Relying only on corporate health insurance: Most of the people solely rely on their corporate health insurance to meet rising medical expenses. However, this cover ceases to exist after retirement. Even those organizations which offer mediclaim cover to their retired employees, trim the coverage. As one grows old, he/she becomes more susceptible to ailments and requires frequent medical care. However, buying health insurance at that time will prove costly, and some insurers will also refuse to give the policy. Moreover, medical expenses are rising at an alarming pace in India.

health-finance-costsSource: Live Mint

Health insurance offers risk coverage against rising expenses caused by unforeseen medical expenses. In current times, failing to hold a comprehensive medical cover can prove to a financial disaster. As it is said, “Buy health insurance when you don’t want it, because you may not get it when you want it”. It is imperative that individuals prepare themselves for such medical contingencies and buy a sufficient health insurance cover.

Not creating an emergency fund: Everyone needs an emergency fund. You could lose your job or someone in your family may require medical care or any other unforeseen situation may arise for which you require funds. Most of the people argue that though they have a credit card, they don’t need an emergency fund. However, a credit card offer can give you a cushion of 15-30 days only till the next bill cycle starts. Moreover, credit card companies charge a high-interest rate if the cardholder doesn’t make a timely bill payment. In the absence of an emergency fund, you could be forced to liquidate your assets. To avoid this situation, one should have at least six months of expenses in an emergency fund, including loan EMIs, if any. Any windfall gain, like annual bonus or tax refund, should also be diverted towards an emergency fund. Make sure not to use the fund towards discretionary expenses.

Splurging on unnecessary items: Young people spend more than they save or sometimes even more than what they earn. Easy financing options and use of plastic money prevent people from distinguishing between want and need. They may want to start a SIP or buy a retirement plan, but trendy handbag or shoes come in their way. This urge could prove harmful if it is not curbed at the right time. Further, overspending increases in case of credit cards. To suppress your shopaholic spirit, leave your credit card at home when you go shopping and use only cash. As Warren Buffet said, “Do not save what is left after spending, but spend what is left after saving”, so spend what is left after you are done with your savings.

Mixing insurance and investment: Though insurance is a key point of every individual’s financial planning, most of the people use it interchangeably with investment. It is a human tendency to expect ‘something’ in return of the premium and as a result, there has been a rise in a number of people who ‘invest’ in insurance. As term insurance policies don’t have maturity value, most people avoid buying it. Since other insurance-cum-investment policies like endowment, unit-linked insurance policies, etc.; promise a payback, people invest in them to yield a return at the end of the policy term. However, insurance and investments are meant for varying objectives. Term insurance secures the life of your family in case of your sudden demise, while investments give returns to meet your short-term and long-term objectives. The blend of insurance and investment defies the entire purpose. Mainly, two problems arise when you buy an insurance product that has an investment component or vice versa:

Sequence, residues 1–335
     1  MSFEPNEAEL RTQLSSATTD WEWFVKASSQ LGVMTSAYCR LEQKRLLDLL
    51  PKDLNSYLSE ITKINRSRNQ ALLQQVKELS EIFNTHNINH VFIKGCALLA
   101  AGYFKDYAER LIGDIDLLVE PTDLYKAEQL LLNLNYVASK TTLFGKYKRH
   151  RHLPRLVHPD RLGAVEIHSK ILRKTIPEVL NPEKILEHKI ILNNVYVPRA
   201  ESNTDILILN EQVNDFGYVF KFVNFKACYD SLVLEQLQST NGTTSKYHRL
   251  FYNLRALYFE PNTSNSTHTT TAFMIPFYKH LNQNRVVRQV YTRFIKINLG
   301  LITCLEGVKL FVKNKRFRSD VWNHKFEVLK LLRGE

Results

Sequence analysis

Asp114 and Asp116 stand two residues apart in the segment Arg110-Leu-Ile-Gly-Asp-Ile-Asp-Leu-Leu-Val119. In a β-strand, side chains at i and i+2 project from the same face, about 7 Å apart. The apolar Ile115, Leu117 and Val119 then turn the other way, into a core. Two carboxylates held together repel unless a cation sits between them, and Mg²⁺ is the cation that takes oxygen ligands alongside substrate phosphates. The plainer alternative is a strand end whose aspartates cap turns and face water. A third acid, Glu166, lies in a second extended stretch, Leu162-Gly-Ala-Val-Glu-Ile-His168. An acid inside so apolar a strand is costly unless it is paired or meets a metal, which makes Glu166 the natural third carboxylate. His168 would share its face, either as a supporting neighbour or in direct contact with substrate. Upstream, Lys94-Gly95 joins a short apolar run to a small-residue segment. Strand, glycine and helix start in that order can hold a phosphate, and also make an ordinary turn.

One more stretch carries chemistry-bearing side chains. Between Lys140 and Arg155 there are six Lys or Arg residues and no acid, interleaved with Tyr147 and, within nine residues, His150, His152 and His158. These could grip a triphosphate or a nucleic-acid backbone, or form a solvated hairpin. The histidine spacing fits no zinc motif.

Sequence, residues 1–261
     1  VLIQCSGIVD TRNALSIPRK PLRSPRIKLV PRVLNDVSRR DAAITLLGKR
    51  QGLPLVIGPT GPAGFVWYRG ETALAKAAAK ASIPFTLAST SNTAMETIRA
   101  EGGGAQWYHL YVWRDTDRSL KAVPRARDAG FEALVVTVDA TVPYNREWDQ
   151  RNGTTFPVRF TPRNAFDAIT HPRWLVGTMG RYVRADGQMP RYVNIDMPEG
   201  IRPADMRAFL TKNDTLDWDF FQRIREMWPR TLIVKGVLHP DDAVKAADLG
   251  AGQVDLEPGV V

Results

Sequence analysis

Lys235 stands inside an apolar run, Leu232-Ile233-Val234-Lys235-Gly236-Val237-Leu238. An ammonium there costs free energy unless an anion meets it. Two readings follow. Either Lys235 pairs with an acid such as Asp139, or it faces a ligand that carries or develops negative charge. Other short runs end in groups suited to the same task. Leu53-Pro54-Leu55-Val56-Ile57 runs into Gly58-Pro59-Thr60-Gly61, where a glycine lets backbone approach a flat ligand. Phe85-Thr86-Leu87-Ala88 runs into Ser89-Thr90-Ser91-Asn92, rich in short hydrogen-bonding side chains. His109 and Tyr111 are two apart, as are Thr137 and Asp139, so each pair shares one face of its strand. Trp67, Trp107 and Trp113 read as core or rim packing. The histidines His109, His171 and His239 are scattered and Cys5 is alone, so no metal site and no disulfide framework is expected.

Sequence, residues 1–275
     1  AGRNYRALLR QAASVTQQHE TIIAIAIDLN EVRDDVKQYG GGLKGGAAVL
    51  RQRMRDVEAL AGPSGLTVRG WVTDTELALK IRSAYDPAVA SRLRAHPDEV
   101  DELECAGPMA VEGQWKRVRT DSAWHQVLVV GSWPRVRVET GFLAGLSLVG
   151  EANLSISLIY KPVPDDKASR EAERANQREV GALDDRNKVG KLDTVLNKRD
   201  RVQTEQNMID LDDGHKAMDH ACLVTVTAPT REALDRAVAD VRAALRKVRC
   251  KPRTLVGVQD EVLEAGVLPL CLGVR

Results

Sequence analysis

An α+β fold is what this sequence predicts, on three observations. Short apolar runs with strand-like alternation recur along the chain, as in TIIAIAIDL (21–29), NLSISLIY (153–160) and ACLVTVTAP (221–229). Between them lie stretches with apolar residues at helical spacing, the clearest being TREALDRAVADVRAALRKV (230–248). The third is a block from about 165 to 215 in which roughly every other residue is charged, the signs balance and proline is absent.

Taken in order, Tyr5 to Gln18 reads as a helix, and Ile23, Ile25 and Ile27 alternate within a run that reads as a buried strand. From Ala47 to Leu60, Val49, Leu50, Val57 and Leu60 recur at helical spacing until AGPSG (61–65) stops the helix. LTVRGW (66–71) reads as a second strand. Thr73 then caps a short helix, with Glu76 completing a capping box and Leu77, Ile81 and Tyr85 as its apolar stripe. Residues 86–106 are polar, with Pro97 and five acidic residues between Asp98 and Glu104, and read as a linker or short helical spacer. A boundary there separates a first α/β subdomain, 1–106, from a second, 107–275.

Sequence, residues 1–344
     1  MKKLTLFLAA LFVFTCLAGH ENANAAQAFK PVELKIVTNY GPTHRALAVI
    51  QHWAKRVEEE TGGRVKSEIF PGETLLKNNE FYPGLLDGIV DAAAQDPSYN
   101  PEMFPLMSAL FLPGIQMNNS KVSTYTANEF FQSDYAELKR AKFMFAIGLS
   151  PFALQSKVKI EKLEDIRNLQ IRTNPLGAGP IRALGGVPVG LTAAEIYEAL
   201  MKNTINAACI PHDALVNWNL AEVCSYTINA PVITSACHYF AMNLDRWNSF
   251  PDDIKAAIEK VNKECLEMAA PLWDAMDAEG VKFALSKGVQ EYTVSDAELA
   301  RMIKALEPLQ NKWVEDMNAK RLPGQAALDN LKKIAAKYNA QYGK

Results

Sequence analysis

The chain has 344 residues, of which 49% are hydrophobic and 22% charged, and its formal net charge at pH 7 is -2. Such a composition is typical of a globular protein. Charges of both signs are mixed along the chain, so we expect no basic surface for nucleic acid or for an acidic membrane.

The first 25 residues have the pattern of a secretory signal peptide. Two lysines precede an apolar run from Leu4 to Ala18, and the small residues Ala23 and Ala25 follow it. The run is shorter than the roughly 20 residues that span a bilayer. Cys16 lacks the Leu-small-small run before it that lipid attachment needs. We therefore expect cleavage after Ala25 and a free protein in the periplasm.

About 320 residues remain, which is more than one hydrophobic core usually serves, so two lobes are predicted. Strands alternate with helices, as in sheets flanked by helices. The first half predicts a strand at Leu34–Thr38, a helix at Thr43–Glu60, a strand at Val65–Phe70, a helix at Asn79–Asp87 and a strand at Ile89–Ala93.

• High cost: Term insurance is the cheapest insurance policy but other investment-cum-insurance options like ULIPs, money back plans, etc.; are costly.
  • It defeats the purpose of buying insurance: Insurance is meant to give financial security to dependents after the demise of the policyholder. However, market linked insurance products offer a bonus on the basis of the insurance company’s performance. It means if the insured dies away in the initial years or during the time when the market is underperforming, dependents could be left with the inadequate amount.

Insurance and investment are two distinct goals and therefore, should be kept separate.

These mistakes should be an eye-opener for anyone who has yet to reach the age of 60. Certainly, it is better to learn about your financial security sooner rather than later. But either way, you should have a much better understanding of how to create and manage wealth by avoiding financial mistakes.